Loenneker, H. D., Liepelt-Scarfone, I., Willmes, K., Nuerk, H.-C., & Artemenko, C. (2022). Arithmetic deficits in Parkinson’s Disease? A Registered Report. Stage 1 preregistration, in principle acceptance of version 4 by Peer Community in Registered Reports. https://osf.io/nb5fj

Arithmetic deficits in Parkinson's Disease? A registered reportHannah D. Loenneker, Inga Liepelt-Scarfone, Klaus Willmes, Hans-Christoph Nuerk, & Christina Artemenko<p>Elderly people and patients with neurodegenerative diseases such as Parkinson’s Disease (PD) immensely rely on arithmetic skills to lead an independent life. Activities such as medication management, financial transactions or using public trans...Life SciencesZoltan Dienes2021-06-29 19:23:53 View
25 Jan 2022
STAGE 1

To help or hinder: Do the labels and models used to describe problematic substance use influence public stigma?

Understanding the role of health condition, aetiological labels, and attributional judgements in public stigma toward problematic substance use

Recommended by ORCID_LOGO based on reviews by Nicholas Sinclair-House and Roger Giner-Sorolla

People suffering from substance misuse problems are often stigmatised. Such public stigma may impair such people obtaining help and the quality of help that they receive. For this reason, previous research has investigated the factors that may reduce stigma. Evidence has been found, but not consistently, for the claim that labelling the condition as "chronically relapsing brain disease" vs a "problem" reduces stigma; as does "a health concern" vs " drug use". Another potentially relevant difference that may explain different previous results is describing how effective treatment can be.

In this Stage 1 Registered Report, Pennington et al. (2022) describe how they will investigate if any of these factors affect two different measures of stigma used in previous work, with a study well powered for testing whether the 99% CI lies outside or inside an equivalence region. While the CI being outside the region will straightforwardly justify concluding an effect of interest, a CI within the region will need to be interpreted with due regard to the fact that some effects within the region may be interesting.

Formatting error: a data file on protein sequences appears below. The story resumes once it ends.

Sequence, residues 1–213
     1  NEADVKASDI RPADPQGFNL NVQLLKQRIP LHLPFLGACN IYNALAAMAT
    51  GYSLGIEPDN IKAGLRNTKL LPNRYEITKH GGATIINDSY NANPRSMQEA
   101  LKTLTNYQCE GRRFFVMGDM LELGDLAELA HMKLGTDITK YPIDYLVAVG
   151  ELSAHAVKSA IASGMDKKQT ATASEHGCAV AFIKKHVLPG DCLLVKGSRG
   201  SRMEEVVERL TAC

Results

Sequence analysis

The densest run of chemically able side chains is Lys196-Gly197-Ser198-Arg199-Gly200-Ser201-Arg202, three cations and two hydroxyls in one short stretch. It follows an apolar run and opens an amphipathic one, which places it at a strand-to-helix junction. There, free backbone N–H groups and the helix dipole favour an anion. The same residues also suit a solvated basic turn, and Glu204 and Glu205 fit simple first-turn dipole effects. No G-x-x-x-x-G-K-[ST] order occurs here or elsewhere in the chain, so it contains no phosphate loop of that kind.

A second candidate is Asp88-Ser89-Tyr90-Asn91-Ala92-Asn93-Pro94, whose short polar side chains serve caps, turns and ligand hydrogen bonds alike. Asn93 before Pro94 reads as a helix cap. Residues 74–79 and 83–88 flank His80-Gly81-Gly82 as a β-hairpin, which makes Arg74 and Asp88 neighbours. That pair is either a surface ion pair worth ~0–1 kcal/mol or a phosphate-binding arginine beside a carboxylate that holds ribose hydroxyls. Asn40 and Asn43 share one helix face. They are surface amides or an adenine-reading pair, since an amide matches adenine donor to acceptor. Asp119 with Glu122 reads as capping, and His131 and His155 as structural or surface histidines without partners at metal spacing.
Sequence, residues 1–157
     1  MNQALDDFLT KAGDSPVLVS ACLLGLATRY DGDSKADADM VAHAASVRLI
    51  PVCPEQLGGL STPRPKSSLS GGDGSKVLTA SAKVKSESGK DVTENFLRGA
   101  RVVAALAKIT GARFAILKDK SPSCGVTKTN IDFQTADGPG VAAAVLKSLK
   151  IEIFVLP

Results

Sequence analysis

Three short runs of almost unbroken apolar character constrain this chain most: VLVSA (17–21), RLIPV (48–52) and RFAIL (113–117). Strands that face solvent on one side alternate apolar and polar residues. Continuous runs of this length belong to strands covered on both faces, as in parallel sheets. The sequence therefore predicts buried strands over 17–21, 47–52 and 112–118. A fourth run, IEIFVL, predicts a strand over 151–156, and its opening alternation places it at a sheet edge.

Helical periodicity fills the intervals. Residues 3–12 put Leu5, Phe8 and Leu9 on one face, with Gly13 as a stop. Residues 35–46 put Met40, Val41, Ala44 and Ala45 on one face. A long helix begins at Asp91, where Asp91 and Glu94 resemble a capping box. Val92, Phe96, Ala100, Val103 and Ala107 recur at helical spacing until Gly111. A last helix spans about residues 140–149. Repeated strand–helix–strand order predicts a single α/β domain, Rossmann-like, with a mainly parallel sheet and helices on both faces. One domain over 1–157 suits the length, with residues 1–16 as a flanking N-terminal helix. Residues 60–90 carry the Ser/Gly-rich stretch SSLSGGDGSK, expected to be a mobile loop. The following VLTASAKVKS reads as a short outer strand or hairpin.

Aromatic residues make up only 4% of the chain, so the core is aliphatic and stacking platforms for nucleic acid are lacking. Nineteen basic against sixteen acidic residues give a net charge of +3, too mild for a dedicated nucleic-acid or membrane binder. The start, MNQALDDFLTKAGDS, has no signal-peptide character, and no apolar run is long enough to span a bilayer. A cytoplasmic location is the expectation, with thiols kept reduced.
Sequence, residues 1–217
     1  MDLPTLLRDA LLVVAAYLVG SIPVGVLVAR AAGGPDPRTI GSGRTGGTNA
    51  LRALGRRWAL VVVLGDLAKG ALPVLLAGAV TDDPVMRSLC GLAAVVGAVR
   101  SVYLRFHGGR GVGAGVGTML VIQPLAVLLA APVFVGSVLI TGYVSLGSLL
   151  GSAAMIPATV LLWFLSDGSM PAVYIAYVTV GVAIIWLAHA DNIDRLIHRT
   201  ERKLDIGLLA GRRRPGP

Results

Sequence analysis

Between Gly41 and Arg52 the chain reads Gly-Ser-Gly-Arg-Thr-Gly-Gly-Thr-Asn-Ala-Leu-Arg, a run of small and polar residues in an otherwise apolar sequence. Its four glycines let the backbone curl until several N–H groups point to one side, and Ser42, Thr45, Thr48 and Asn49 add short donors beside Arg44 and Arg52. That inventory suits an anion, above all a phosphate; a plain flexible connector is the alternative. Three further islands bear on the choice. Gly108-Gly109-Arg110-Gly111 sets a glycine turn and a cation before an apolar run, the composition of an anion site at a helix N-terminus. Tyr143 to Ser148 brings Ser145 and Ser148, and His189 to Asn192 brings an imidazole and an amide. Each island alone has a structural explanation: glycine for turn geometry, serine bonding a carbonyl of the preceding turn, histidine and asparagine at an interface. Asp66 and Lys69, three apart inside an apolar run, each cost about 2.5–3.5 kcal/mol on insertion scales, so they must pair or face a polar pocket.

The Stage 1 manuscript was evaluated over two rounds of review (including one round of in-depth specialist review). Based on comprehensive responses to the reviewers' comments, the recommender judged that the manuscript met the Stage 1 criteria and therefore awarded in-principle acceptance (IPA).

URL to the preregistered Stage 1 protocol: https://osf.io/4vscg

Level of bias control achieved: Level 6. No part of the data or evidence that will be used to answer the research question yet exists and no part will be generated until after IPA.

List of eligible PCI RR-friendly journals:

References

Pennington, C. R., Monk, R. L., Heim, D., Rose, A. K., Gough, T., Clarke, R., Knibb, G.,  & Jones, A. (2022). To help or hinder: Do the labels and models used to describe problematic substance use influence public stigma? Stage 1 preregistration, in principle acceptance of version 2 by Peer Community in Registered Reports. https://osf.io/4vscg

To help or hinder: Do the labels and models used to describe problematic substance use influence public stigma?Charlotte R. Pennington, Rebecca L. Monk, Derek Heim, Abi K. Rose, Thomas Gough, Ross Clarke, Graeme Knibb, and Andrew Jones.<p>Objectives: Problematic substance use is one of the most stigmatised health conditions, leading research to examine how the labels and models used to describe it influence public stigma. Two recent studies examine whether beliefs in a disease m...Social sciencesZoltan Dienes2021-10-28 13:26:28 View
17 Jan 2022
STAGE 1
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Identifying Gaming Disorders by Ontology: A Nationally Representative Registered Report

Do different screening instruments for ‘gaming disorder’ measure the same or different construct(s)?

Recommended by ORCID_LOGO based on reviews by Daniel Dunleavy, Linda Kaye, David Ellis and 1 anonymous reviewer

There is considerable debate regarding the relationship between excessive gaming and mental health problems. Whilst the diagnostic classification of “gaming disorder” has now been included in the WHO’s International Classification of Diseases (ICD-11), the APA decided not to include this diagnosis in their Diagnostic and Statistical Manual of Mental Disorders (DSM-5) because the literature “suffers from a lack of a standard definition from which to derive prevalence data” (APA 2013, p. 796). Furthermore, screening instruments that aim to provide diagnostic classifications derive from different ontologies and it is not known whether they identify equivalent prevalence rates of ‘gaming disorder’ or even the same individuals.